Three New Takes on Feminism: In the Dorm, in the Economy and Around the World

A Manifesto
By Donna Freitas
231 pp. Oxford University. $19.95.

Freitas offers an in-depth accounting of the problem of sexual assault on college campuses, analyzing both the likely exacerbating factors and various successful or ill-advised response strategies from universities. Based on a decade of research, her book is measured and rigorously reasonable, taking pains not to stray too far in any ideological direction. Freitas, a lecturer on women’s issues and a well-regarded Y.A. author, elucidates the role alcohol and partying play in assaults, but insists that young women must not be held responsible for the violence committed against them. She stresses that the cultural factors that enable sexual assault are pervasive beyond the campus walls, but is optimistic that institutions can implement policies to help their students navigate sex responsibly and safely.

She is most emphatic and prescriptive in her examination of “hook-up culture,” the ritualized patterns of casual sex that are common among young people. Hook-up culture has long been a source of moral panic for adult observers of college life, and those who are weary of such condemnations might find Freitas a bit grating when she says that one cause of sexual assault on campuses may be the absence of emotional intimacy between college sexual partners. It’s a claim that ignores both the statistics showing that a great deal of sexual violence occurs within romantic relationships, and the reality that a lot of thoroughly consensual sex happens between people who are not in love.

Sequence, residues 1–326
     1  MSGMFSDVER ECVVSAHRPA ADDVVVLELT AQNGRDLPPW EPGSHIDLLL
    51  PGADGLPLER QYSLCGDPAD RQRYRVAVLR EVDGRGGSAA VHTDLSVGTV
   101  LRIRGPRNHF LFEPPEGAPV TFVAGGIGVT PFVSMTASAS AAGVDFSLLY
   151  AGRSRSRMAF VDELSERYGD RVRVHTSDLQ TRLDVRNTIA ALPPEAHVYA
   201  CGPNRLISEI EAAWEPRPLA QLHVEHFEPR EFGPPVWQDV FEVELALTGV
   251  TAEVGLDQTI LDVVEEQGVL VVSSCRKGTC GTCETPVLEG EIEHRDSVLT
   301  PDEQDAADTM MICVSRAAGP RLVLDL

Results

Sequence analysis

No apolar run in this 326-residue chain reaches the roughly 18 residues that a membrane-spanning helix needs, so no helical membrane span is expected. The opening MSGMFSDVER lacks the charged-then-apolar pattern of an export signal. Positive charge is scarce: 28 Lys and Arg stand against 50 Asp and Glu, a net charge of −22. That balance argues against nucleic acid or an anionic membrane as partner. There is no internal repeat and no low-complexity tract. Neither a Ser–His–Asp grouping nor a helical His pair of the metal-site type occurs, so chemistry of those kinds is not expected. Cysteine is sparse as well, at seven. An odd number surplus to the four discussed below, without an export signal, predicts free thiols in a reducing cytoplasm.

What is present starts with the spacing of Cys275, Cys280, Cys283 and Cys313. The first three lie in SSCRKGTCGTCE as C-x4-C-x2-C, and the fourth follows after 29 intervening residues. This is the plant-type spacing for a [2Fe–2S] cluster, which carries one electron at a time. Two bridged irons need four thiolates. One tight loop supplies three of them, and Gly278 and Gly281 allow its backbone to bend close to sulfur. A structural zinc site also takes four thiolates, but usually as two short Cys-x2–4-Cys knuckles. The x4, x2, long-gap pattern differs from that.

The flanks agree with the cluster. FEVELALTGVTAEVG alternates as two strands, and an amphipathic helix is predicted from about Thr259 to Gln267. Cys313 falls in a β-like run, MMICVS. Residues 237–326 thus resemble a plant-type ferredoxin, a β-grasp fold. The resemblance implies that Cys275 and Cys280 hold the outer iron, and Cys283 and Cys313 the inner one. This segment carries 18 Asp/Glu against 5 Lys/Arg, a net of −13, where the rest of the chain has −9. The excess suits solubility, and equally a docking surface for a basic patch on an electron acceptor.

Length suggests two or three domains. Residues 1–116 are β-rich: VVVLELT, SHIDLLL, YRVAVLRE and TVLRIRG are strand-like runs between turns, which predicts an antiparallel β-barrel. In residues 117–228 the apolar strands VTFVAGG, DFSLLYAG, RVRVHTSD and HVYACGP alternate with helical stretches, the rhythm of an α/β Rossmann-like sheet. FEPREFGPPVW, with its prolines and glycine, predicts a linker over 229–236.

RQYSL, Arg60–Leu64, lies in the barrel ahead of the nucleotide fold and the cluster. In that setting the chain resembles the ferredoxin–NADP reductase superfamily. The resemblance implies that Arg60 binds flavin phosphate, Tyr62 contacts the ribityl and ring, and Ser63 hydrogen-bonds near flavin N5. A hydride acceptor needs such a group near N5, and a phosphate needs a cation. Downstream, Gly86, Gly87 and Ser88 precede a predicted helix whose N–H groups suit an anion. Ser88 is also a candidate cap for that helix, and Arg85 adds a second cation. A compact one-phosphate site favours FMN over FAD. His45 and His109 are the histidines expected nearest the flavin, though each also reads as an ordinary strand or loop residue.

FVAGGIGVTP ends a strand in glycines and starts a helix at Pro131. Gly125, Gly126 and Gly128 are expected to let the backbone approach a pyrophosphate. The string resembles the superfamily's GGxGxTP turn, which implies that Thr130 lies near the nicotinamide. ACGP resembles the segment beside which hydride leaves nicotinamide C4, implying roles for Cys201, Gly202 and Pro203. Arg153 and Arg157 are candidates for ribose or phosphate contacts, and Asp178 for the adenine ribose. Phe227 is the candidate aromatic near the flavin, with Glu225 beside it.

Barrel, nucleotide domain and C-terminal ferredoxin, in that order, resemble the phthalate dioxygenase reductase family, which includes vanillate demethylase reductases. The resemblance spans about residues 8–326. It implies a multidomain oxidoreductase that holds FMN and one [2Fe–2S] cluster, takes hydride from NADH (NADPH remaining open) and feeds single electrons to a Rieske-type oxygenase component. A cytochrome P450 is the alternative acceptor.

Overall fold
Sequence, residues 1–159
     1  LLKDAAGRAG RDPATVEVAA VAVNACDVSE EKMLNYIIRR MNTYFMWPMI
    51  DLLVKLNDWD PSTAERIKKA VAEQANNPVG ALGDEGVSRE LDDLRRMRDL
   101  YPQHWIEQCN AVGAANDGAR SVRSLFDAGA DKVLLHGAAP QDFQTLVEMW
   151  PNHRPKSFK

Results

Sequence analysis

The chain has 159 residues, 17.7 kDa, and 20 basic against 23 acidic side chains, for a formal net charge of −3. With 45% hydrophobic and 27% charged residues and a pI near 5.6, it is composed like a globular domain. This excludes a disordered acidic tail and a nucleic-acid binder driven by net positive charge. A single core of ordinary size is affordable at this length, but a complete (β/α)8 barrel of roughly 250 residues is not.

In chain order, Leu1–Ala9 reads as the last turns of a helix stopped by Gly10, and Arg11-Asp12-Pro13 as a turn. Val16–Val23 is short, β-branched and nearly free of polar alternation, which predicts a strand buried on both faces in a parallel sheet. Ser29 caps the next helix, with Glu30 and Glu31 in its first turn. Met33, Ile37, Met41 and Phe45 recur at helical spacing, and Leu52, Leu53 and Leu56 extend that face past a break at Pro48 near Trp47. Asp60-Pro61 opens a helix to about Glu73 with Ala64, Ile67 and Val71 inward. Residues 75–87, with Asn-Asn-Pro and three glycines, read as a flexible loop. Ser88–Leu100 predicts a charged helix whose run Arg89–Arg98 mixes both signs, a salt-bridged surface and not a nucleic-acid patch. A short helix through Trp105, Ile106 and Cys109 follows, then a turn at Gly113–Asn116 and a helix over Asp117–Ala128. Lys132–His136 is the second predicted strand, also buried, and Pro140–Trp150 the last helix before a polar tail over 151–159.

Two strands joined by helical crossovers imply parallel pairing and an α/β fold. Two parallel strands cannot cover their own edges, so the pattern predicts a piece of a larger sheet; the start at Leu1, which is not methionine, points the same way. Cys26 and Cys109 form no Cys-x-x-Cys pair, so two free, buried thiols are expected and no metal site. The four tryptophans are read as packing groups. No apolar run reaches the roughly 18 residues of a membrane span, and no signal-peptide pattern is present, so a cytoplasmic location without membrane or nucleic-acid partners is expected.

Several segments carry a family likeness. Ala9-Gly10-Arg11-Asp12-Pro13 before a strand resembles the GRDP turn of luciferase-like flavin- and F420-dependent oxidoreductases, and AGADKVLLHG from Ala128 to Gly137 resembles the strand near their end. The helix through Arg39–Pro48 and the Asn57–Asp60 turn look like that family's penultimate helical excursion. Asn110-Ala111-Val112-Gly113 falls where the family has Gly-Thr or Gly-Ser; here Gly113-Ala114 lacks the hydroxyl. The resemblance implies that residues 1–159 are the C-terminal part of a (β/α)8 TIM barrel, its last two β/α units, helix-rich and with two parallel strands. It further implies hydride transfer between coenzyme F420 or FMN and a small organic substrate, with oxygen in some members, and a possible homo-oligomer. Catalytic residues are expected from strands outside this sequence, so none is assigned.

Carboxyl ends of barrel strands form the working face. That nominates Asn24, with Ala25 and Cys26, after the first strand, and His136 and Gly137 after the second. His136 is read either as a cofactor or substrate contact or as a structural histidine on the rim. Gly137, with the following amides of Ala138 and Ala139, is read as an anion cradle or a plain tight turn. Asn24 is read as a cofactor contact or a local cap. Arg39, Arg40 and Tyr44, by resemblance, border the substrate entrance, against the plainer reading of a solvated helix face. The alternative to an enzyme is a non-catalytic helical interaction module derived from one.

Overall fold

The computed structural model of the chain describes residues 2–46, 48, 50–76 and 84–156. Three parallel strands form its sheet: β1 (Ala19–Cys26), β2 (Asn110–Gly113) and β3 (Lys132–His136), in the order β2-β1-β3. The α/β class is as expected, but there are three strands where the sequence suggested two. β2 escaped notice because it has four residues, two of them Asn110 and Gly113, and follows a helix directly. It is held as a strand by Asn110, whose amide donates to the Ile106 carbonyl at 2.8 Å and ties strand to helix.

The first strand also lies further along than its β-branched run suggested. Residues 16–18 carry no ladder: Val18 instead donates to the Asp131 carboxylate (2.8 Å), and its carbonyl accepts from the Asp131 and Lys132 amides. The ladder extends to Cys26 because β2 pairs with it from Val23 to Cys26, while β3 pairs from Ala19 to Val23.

The book gets into the weeds with a detailed study of failed university responses to sexual assaults, and readers outside the academy might lose interest toward the end, which specifies the ways large universities can be slow-moving, traditional and behind the times. But Freitas is worth reading for her interviews with college students, whom she treats with an uncommon degree of dignity and respect. They are, she reminds us, the experts in their own lives.

The Disastrous Global Crisis of Gender Inequality
By Augusto López-Claros and Bahiyyih Nakhjavani
312 pp. St. Martin’s. $28.99.